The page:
The world of transportation is being altered by three sweeping changes: technology, policy, and politics.
As these three transform the transportation landscape in Georgia, the state will have to reconsider how it funds transportation infrastructure going forward.
One important technology is electric propulsion. Recent media reports discussed the siting of SK Innovation’s new electric vehicle (EV) battery manufacturing facility near Commerce, which will make Georgia one of the world’s largest hubs of EV battery manufacturing and “will account for nearly half of our nation’s vitally needed non-captive EV batteries,” Georgia Gov. Brian Kemp announced in March 2021.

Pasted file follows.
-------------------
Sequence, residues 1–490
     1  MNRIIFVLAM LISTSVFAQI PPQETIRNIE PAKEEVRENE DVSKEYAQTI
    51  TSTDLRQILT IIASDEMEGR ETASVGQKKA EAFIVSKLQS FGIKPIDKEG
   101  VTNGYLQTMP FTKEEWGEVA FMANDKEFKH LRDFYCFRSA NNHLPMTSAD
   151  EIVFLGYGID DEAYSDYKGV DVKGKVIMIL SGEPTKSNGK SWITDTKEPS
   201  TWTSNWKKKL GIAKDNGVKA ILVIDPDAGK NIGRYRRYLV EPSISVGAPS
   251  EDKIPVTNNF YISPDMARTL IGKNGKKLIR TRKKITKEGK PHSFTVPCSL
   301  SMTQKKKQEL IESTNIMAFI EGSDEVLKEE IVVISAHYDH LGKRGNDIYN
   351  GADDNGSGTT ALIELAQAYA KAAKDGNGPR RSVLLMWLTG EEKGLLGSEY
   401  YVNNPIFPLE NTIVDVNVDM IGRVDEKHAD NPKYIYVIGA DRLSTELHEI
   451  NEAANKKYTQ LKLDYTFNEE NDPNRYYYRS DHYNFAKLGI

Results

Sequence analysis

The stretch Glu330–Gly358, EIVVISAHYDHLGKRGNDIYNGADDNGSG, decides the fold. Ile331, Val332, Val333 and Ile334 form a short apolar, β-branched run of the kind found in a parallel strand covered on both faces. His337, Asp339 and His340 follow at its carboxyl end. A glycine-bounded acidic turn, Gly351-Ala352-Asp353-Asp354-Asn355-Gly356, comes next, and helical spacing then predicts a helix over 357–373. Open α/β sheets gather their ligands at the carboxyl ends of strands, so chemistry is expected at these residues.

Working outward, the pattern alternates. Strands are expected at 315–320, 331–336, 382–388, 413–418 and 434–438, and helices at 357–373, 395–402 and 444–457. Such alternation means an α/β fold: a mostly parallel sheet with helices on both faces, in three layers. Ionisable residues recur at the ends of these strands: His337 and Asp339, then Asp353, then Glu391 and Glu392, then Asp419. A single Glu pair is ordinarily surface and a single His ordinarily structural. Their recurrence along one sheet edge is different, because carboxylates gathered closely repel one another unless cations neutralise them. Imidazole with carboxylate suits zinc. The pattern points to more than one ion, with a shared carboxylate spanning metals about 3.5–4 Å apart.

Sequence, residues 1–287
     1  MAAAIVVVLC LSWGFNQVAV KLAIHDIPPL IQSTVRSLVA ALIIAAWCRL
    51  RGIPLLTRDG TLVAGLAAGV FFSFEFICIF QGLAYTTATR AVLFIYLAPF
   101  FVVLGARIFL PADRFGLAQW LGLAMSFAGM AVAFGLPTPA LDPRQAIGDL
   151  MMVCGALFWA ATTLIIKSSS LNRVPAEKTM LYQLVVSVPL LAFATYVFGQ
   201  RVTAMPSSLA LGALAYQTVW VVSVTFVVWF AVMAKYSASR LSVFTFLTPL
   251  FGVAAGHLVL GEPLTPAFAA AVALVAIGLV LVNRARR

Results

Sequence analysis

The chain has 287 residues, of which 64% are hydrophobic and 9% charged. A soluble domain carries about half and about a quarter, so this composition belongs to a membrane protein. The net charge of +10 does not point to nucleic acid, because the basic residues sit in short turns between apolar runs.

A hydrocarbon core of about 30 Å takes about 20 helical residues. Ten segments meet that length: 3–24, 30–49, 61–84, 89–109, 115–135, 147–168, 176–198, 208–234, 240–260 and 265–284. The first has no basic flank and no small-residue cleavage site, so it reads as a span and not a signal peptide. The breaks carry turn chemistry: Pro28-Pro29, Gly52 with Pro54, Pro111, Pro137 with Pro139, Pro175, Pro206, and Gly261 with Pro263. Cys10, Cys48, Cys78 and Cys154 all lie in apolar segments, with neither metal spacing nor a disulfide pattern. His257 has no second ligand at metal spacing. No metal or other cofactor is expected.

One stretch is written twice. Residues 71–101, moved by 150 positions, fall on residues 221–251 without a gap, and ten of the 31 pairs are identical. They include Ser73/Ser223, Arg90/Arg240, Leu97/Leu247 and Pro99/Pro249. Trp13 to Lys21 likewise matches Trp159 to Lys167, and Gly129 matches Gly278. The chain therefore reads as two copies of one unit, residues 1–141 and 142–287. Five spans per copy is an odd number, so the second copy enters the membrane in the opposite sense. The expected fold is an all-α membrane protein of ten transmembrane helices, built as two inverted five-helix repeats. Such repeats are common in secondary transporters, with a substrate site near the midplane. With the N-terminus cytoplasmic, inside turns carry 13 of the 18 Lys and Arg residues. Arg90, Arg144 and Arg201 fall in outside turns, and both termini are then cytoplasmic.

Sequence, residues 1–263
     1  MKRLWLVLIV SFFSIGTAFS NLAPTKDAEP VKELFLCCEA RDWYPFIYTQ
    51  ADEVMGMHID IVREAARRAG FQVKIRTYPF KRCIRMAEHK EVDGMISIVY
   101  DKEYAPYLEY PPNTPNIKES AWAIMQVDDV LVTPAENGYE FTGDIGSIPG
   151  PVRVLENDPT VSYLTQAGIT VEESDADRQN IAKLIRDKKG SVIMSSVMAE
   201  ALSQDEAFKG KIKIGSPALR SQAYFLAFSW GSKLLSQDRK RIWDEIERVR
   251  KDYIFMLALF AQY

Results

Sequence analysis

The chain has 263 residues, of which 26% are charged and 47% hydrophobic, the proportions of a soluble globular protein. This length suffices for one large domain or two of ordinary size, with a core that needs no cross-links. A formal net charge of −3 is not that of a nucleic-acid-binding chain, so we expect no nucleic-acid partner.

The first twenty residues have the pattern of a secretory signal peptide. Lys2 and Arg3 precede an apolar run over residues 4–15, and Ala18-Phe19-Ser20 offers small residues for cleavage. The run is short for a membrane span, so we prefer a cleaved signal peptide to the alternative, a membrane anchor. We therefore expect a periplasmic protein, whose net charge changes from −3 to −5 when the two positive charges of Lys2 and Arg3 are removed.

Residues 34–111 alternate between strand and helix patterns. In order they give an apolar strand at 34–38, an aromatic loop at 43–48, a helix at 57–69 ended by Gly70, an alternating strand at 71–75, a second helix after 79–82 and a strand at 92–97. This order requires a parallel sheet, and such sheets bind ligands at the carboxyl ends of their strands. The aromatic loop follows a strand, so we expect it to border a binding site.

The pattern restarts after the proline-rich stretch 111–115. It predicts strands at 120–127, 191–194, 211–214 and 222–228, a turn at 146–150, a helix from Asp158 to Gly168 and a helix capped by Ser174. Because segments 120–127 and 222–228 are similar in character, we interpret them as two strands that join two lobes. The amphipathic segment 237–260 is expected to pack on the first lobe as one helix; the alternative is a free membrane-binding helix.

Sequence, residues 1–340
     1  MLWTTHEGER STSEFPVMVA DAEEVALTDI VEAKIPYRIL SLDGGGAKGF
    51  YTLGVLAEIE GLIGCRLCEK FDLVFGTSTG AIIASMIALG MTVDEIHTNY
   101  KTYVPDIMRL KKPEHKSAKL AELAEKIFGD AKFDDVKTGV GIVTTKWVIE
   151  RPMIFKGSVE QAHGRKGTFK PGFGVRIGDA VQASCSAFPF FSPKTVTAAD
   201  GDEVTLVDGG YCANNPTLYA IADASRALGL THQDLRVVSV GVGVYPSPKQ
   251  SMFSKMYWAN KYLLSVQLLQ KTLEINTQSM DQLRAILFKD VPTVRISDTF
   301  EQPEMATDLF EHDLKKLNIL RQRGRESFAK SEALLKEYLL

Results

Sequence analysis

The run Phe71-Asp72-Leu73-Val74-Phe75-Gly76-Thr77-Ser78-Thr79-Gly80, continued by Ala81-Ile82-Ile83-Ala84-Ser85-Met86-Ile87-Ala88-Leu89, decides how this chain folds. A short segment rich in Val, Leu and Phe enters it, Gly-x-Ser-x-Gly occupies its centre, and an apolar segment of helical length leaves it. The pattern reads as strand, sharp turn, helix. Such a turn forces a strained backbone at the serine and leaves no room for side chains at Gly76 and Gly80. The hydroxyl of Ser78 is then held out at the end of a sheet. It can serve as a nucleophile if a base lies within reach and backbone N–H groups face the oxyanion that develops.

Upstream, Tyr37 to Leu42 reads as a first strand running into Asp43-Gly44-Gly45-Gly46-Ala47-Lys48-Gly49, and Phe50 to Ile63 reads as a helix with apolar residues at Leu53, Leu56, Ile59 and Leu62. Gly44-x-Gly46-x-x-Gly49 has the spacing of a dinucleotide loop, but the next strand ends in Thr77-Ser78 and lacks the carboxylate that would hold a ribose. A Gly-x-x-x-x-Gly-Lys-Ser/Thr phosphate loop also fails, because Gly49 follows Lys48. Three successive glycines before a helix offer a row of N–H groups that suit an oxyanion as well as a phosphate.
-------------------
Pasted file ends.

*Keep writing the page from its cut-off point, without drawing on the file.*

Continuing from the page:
The massive hub is expected to draw more EV-related industries to Georgia. Along with a “green” policy push toward EVs from the Biden administration, it is likely to fuel a growing interest in electric vehicle use on Georgia roads and highways.
One challenge this presents is that roads in Georgia and across the nation are largely funded by per-gallon fuel taxes.
As technology produces more fuel-efficient vehicles and non-petroleum-fueled vehicles (such as EVs), this reduces the fuel tax revenue that policymakers depend on to pay for roads, bridges, and supporting technology such as electronic toll collection.
The revenue reduction is starting to take place despite increases in vehicle-miles traveled (VMT), population, and the costs of surface transportation infrastructure. Therefore, policymakers must investigate alternatives to fuel taxes for funding Georgia roadways.